Yeah, based on your newsreader, and choice of operating system, I'd agree.
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Maybe you could give me some cash so I could buy a new computer.
Jerk>

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My f-i-l never changed oil. Never a problem, for him that is. He also never kept a car very long. As soon as one of his children bought a car he bought a new one. Never found out about those who bought his cars/trucks afterwards.
Mike D.
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On Sun, 14 Jan 2007 04:00:13 -0500, none2u got out the hammer and chisel and etched in the wall:
<top posting corrected>
message

Exactly!
With the amount of work that goes through those engines and the abuse that liquid has to suffer, I would not trust anything but regular changes. I've heard people like syn oil, but in my experience - all with cars/trucks which have reached well over 100K miles in few years - I'll stick with dinosaur juice.
It is kind of like those who say K&N is the way to go, because you don't have to change them for 1,000,000 miles. Well, I think I'm better off - for my needs - changing my paper filter every 5K - 10K miles. At least I know what isn't going in my intake.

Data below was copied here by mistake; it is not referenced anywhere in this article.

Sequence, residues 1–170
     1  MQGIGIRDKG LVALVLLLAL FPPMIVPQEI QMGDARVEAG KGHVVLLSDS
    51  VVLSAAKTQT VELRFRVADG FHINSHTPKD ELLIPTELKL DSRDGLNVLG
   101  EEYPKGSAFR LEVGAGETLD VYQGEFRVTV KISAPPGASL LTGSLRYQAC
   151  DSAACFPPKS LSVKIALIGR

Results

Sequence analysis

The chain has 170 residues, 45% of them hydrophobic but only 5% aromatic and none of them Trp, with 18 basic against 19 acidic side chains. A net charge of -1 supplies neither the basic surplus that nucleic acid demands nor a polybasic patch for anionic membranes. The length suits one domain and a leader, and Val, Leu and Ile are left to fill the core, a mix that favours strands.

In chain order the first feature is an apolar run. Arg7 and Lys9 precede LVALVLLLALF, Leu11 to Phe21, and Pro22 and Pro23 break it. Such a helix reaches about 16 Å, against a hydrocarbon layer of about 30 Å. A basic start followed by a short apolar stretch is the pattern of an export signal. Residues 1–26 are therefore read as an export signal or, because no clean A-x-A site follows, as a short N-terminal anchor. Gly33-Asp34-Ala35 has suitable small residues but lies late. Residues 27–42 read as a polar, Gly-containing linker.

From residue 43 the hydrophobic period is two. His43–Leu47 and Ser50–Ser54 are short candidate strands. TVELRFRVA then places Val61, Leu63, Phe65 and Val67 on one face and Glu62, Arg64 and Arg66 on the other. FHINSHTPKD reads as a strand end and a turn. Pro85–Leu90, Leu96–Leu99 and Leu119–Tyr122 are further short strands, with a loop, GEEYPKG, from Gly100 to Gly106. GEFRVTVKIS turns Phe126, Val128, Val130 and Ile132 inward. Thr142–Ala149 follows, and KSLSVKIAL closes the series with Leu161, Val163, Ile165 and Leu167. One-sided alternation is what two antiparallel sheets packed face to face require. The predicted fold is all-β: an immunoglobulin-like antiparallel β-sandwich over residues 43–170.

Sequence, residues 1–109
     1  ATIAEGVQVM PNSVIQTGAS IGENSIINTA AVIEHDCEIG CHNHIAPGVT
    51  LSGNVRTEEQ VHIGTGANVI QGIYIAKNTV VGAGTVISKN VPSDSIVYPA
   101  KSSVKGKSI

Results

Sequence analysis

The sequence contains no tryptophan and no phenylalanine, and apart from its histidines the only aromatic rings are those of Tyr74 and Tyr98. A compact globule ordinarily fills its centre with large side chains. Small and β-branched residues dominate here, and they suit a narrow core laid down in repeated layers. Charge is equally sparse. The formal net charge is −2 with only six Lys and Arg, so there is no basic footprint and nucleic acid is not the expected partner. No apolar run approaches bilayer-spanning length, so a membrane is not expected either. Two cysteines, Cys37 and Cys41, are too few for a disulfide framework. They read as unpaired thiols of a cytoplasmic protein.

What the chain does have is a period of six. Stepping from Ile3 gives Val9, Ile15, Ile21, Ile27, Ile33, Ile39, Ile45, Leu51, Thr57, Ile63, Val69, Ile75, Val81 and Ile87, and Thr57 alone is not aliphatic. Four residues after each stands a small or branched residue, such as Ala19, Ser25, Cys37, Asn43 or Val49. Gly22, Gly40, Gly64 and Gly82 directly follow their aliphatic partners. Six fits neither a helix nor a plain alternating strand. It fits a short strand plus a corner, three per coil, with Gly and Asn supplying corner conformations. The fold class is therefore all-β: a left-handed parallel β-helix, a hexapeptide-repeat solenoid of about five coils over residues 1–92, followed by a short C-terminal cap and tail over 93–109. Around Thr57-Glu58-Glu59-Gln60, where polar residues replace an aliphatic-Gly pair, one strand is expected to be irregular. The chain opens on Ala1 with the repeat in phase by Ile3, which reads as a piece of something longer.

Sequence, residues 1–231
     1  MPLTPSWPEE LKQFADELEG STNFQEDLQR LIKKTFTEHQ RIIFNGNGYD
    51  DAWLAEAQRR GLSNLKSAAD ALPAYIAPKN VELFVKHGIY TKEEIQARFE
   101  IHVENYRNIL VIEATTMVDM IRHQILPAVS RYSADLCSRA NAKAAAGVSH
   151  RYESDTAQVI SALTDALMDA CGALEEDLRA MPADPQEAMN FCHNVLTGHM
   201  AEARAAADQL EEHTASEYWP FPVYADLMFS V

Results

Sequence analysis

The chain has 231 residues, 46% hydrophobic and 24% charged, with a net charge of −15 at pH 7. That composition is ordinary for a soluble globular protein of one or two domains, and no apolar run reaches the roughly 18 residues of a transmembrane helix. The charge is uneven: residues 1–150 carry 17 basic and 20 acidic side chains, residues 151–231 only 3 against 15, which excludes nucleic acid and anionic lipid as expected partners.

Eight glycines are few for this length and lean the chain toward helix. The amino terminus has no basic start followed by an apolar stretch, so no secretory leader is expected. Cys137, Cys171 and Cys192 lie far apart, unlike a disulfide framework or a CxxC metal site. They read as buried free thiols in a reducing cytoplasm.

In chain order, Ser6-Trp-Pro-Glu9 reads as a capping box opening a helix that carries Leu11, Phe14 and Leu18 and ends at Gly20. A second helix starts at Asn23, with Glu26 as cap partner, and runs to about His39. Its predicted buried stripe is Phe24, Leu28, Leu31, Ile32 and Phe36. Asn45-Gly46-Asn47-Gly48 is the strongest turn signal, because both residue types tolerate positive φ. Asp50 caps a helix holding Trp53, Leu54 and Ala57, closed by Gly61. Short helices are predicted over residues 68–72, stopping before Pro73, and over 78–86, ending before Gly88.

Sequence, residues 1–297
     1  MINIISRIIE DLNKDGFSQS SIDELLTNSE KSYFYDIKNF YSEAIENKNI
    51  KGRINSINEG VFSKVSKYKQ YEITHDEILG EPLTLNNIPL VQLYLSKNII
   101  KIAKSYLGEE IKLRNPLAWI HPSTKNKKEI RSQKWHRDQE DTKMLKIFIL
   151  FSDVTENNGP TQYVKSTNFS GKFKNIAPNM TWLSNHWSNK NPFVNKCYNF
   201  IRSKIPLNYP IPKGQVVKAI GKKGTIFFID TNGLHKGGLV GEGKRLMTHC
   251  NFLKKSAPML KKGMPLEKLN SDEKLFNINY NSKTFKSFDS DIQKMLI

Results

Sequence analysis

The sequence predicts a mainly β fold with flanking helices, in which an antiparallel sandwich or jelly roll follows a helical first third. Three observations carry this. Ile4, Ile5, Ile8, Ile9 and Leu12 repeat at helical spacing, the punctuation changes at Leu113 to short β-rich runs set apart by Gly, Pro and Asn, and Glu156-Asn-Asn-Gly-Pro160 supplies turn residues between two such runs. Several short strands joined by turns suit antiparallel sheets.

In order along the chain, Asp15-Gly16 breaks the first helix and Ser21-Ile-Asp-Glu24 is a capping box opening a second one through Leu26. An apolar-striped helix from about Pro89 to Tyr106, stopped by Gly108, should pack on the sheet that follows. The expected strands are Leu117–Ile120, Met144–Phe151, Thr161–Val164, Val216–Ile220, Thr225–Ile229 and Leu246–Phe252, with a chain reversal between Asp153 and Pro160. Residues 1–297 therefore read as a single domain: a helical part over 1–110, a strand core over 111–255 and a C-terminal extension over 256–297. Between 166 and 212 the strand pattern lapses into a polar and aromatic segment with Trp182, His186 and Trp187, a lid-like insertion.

These Amsoil peeps remind me of the Herbalife and Amway groupies - anything to make a buck, regardless of whether the product is good for you.
Thanks!
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Greetings,
While I tend to agree that a well-maitained motor and drivetrain will perform better given time and care, somehow I don't really believe that over the course of about 3 months (when I first started seeing the new fuel) I am suddenly seeing a 5% increase in mileage on a motor with 54,000+ miles on it just because it's "breaking in a bit more overall." Nothing different has been done to my truck in the past 4,000+ miles (oil, filters, etc.) except the new fuel and my driving habits are still the same, so I was just putting it out there to see if anyone else has had the same experience.